Check out the rest of her interview on The Cut. What was your takeaway?
As much as we say we need to eliminate the stigma of mental health in the Black community, many of us are still nowhere near as comfortable talking about our struggles with depression, thoughts of suicide, and other issues as Imade Nibokun. The North Carolina writer and activist is the creator of the blog, Depressed While Black in which “shares mental health stories from an African-American lens” and she’s also speaking out about her struggle on camera.
In light of Black Lives Matter activist MarShawn M. McCarrel’s suicide, Nibokun spoke out on the relationship between social justice and mental health in this video for mental health non-profit Project UROK, which is dedicated to de-stigmatizing mental illness, combating isolation, and reducing teen suicide. In the video, Nibokun also speaks candidly about her own experiences with depression, the stigma of mental illness in the black community, and how she got help:
“Now I recognize that I am worth mental health treatment, and it took a while to understand that, because growing up, I thought depression was a white person disease… that depression is just not something we do as Black people.”
But depression is in fact something we do as Black people and we need more individuals like Nibokun to come forward and remind us of that. Check out her touching video above.
“You have the same amount of time in a day as Beyoncé.”
I heard someone say this in one of the many new-age motivational speeches I ran across on YouTube. I laughed at first, thinking just how cliché it sounded. Then I got a bit offended as I thought about how inconsiderate the speaker was. Beyoncé has help I thought to myself. You know, nannies, assistants, and other paid staff. I just have me.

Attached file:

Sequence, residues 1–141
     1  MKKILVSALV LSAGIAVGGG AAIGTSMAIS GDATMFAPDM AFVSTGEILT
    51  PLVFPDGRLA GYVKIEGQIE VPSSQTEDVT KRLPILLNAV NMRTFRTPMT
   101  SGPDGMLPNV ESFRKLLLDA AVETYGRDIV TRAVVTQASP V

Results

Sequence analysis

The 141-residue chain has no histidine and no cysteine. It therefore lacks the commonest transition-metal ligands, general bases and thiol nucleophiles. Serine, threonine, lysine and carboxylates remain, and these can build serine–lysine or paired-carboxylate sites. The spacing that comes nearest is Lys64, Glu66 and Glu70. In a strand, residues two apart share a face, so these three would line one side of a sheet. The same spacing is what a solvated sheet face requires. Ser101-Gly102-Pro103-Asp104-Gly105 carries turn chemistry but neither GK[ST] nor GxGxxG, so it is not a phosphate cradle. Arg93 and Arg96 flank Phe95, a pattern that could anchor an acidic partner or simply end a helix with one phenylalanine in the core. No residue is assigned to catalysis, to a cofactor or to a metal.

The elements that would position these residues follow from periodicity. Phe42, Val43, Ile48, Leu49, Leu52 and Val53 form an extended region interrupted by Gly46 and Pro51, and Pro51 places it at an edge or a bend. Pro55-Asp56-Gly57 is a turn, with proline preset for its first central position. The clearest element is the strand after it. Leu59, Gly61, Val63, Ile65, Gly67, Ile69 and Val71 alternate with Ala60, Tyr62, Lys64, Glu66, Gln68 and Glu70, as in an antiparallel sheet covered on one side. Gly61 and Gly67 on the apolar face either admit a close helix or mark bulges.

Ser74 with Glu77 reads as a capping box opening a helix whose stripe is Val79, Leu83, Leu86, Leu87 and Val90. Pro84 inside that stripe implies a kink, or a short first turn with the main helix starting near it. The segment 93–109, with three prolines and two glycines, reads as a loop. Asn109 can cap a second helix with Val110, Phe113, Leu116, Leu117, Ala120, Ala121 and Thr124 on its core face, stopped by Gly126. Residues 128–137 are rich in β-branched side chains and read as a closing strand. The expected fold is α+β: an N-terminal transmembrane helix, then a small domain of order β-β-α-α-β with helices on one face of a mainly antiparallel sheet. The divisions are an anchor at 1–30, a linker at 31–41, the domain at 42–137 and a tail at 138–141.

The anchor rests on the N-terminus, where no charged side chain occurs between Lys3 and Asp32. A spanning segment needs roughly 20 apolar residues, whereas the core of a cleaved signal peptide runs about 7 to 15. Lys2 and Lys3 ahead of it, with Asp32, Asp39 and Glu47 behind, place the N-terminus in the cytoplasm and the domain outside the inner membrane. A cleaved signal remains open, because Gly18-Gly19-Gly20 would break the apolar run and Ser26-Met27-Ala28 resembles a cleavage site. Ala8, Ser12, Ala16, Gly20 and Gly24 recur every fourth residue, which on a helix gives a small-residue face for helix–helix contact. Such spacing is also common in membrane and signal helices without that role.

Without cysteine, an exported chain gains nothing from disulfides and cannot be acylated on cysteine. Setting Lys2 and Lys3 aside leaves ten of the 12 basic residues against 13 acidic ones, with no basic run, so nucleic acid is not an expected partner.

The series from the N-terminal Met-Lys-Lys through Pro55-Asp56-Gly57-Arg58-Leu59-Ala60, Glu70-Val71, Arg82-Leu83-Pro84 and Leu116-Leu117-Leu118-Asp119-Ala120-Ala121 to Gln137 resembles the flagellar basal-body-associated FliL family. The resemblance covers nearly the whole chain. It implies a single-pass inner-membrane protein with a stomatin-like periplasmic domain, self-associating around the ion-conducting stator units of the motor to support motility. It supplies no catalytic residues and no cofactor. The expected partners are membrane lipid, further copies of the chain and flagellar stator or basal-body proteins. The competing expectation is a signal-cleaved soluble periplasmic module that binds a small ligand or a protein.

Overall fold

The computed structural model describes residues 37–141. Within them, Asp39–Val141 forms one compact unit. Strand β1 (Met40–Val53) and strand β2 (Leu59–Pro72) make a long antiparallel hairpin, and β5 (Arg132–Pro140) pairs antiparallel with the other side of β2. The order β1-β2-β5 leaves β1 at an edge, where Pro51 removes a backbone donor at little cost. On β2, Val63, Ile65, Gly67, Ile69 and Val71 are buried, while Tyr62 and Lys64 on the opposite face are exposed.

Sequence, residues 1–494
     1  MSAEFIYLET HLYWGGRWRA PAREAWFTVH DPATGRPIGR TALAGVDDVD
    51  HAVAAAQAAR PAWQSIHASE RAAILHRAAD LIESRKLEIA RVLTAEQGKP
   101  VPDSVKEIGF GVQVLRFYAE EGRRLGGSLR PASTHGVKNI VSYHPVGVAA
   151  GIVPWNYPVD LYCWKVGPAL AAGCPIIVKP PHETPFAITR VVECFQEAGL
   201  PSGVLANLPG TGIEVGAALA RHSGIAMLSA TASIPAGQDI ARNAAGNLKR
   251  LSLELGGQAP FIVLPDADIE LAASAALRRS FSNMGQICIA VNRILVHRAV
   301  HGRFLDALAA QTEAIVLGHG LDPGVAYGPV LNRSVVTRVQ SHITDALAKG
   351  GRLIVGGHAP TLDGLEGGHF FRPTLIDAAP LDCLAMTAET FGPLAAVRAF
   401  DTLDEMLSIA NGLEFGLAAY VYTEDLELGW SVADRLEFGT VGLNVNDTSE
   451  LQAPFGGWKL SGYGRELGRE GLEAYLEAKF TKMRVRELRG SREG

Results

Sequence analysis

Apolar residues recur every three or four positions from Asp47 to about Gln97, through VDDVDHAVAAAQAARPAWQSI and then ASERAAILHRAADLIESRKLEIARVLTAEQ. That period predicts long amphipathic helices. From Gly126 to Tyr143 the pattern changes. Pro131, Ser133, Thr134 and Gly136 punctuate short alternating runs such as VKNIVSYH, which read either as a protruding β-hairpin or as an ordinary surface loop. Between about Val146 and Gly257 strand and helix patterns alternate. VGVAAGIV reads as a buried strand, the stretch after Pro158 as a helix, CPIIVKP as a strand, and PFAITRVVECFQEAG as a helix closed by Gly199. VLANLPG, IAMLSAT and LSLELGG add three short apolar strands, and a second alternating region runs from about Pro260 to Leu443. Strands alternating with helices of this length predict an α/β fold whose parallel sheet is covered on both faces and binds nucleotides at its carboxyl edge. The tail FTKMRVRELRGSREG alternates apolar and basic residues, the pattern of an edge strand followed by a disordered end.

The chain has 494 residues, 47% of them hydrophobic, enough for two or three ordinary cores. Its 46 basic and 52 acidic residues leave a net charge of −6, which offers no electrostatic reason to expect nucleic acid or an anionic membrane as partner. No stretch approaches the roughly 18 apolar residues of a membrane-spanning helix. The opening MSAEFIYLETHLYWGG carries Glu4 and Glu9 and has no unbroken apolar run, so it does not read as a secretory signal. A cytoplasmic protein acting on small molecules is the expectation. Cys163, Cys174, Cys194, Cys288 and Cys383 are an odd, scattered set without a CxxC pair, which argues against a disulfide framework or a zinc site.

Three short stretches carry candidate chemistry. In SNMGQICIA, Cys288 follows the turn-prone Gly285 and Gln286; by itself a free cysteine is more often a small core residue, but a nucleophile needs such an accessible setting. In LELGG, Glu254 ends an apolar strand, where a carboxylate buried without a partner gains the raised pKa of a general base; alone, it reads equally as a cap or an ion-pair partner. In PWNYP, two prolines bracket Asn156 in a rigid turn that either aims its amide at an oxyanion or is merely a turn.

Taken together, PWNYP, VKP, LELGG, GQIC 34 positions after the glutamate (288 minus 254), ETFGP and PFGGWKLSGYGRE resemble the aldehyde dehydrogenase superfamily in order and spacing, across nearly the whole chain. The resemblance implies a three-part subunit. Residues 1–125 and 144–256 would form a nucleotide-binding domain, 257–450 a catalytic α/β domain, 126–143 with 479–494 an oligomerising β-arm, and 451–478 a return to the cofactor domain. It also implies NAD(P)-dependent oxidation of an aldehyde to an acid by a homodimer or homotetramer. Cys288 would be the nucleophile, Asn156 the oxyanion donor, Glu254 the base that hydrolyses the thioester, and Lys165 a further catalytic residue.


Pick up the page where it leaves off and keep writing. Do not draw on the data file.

I was beyond stressed. I was overworked and highly underpaid as I worked a corporate job by day and grinded in between hours and at night to establish my own business. To add another item to an already full plate, I was also a grad student at the time. Not one to properly manage stress, you can only imagine what my mental and physical health was like. I was a mess, and I knew something had to be done before I came all the way undone.
Psychology Today explains stress as “simply a reaction to a stimulus that disturbs our physical or mental equilibrium.” Basically, stress is something that can shake us up mentally or physically. But here’s a startling piece of information: All stress is not bad. In fact, acute stress can be good for you. Its short-term effects can get you excited about something; but when it lingers for too long, it can be a problem. Chronic stress, the feelings we have of constantly feeling swamped and overworked for long periods of time, isn’t good. But it didn’t take a carefully-crafted article by a Psychology Today writer to let me know that this type of stress could wreak havoc on my life. My failing mental and physical health had already given me the heads up. To add insult to injury, I was doing so much that not much was really getting done. This, of course, stressed me out even more.